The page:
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everytime im going hunting. luckily where i live we are still lucky do not meet people if we want and go out of the tracks.
 
Posts: 1532 | Location: Whitehorse, Yukon, Canada. | Registered: 21 May 2006Reply With Quote
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I bet non of you have been as far as I have.

I have been to Conro, Texas.

And before you start laughing, they had a sign there saying you can see the end of the world from there.


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Posts: 60517 | Location: Dubai, UAE | Registered: 08 January 1998Reply With Quote
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my wifes bathroom. was lost in there for a week before I was rescued by the dog.
 
Posts: 1116 | Location: Billings,MT | Registered: 24 July 2004Reply With Quote
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quote:
Originally posted by Bwana1:
Gobi Desert, Mongolia. An atom bomb could explode there and no one would notice..


Totally agree. Makes anywhere in Africa seem like civilization. I noticed you don't even see planes flying overhead; can't say that about Alaska or Africa.


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Posts: 7477 | Location: Arizona and off grid in CO | Registered: 28 July 2004Reply With Quote
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Guys try a hunt out of Bilibino and then you might just be able to understand remote Wink
 
Posts: 16 | Location: NT Australia | Registered: 29 January 2018Reply With Quote
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quote:
Originally posted by Saeed:
I bet non of you have been as far as I have.

I have been to Conro, Texas.

And before you start laughing, they had a sign there saying you can see the end of the world from there.


Saeed, this reminds me of something. Some years ago, In Jordan, MT there was a standoff for quite a while with a group known as the "Freemen." Now Jordan, MT is in the middle of nowhere. I was driving through. Somewhere along the way, I saw a tee shirt. The had the following on the tee shirt:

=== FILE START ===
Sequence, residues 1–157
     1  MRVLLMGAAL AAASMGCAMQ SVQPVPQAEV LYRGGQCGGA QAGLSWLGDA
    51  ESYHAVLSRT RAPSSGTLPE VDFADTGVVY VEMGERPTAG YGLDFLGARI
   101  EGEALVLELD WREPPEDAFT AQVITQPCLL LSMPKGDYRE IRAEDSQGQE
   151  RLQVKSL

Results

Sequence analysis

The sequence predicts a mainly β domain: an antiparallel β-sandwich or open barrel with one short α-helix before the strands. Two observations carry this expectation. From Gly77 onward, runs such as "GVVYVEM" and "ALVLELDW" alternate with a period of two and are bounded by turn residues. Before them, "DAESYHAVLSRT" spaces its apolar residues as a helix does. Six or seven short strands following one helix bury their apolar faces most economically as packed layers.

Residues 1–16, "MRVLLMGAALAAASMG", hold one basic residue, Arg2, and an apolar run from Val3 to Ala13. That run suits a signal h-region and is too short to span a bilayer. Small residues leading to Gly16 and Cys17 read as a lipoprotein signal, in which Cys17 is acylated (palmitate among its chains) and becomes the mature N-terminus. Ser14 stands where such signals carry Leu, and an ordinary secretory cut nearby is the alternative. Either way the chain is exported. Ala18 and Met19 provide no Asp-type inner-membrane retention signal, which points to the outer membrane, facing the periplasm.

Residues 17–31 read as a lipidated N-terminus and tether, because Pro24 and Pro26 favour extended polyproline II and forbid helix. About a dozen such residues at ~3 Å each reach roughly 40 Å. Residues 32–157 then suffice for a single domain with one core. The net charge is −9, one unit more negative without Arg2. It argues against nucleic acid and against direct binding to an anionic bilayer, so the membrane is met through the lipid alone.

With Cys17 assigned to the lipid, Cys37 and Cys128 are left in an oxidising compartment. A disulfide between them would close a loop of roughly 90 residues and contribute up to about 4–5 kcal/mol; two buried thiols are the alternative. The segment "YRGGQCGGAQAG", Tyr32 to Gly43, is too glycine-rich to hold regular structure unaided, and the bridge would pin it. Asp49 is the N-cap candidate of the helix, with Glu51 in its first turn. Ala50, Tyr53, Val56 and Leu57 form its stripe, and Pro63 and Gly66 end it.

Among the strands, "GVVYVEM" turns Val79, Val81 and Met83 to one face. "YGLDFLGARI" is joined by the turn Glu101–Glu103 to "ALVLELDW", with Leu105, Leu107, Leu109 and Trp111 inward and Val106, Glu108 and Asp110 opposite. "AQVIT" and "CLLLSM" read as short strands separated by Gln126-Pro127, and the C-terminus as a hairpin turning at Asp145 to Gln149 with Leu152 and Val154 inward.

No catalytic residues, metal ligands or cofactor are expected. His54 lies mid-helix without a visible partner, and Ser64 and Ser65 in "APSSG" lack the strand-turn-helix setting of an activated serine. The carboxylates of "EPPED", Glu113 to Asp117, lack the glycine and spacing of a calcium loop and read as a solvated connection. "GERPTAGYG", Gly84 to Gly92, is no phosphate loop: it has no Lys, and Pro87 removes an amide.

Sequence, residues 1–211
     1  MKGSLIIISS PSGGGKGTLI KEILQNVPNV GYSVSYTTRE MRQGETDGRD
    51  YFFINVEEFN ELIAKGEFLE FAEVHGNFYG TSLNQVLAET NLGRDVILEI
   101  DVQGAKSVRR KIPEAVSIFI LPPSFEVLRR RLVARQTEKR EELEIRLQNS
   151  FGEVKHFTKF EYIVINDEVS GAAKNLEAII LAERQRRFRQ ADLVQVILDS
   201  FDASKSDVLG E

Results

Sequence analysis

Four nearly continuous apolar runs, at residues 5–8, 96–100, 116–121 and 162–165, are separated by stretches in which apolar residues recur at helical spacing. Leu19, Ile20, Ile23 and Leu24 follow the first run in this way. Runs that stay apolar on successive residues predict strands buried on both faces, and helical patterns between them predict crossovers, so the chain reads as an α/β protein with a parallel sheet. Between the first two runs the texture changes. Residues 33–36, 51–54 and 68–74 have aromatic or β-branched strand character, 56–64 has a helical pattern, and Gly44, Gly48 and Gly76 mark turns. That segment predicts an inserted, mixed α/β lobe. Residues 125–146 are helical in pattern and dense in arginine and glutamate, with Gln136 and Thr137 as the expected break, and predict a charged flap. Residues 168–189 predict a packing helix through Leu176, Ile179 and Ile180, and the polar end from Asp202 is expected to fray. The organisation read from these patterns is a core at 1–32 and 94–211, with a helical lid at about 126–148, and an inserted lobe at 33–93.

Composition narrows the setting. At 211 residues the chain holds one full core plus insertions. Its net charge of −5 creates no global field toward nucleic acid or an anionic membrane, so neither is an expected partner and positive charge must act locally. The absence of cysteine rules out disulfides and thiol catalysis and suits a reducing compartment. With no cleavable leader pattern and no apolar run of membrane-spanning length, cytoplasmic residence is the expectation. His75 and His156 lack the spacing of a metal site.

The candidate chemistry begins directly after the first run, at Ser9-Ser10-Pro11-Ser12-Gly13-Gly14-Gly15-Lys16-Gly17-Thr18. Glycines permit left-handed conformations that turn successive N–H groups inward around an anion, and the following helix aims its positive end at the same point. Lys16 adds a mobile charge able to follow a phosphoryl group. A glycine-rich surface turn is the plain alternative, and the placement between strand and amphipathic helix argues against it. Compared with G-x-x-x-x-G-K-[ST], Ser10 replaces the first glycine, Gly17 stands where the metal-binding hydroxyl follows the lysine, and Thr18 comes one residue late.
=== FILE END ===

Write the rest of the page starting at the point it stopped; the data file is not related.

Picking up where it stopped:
End of the earth- 10 miles

Jordan, MT- 15 miles

I thought it was hysterical.
 
Posts: 11202 | Location: Orlando, FL | Registered: 26 January 2006Reply With Quote
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Banks Island NWT Canada. Arctic circle, below zero the whole time I was there. No trees, frozen Snow White tundra for miles and miles. Vast nothingness. Hunting Muskox


BUTCH

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Posts: 1883 | Location: Lafayette, LA | Registered: 05 October 2007Reply With Quote
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On land: Djibouti about 80 miles from town to go to the beach. Came across some locals that lived in a little village. We gave them all our junk food, water, they even took our trash.

They were living in mud huts, and child survivalbility was probably in the 8-10% to adulthood. Really skinny frail looking little people.

I have been places in Outback Australia that were 1000% more remote, but these folksw ere in bad shape.
 
Posts: 7573 | Registered: 10 October 2012Reply With Quote
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That is a cool post mate.

tu2

quote:
Originally posted by Todd Williams:
Absolute most remote place would be middle of the Atlantic while in the Navy.

Most remote place I've spent any real time in would be brown bear hunting camp on Kamchatka Peninsula Russia.


"When the wind stops....start rowing. When the wind starts, get the sail up quick."
 
Posts: 10895 | Location: New Zealand | Registered: 02 July 2008Reply With Quote
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Out in the desert, about 40 miles from Aktau Kazhakstan
 
Posts: 1516 | Location: Idaho Falls, Idaho | Registered: 03 June 2004Reply With Quote
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Salt River, Alaska. Kind of remote, but easily reachable with float plane in decent weather. When I was there it wasn't so nice and the outfitter brought us out in an H-18 on floats instead of the Beaver that took us in. Nice ride...


TomP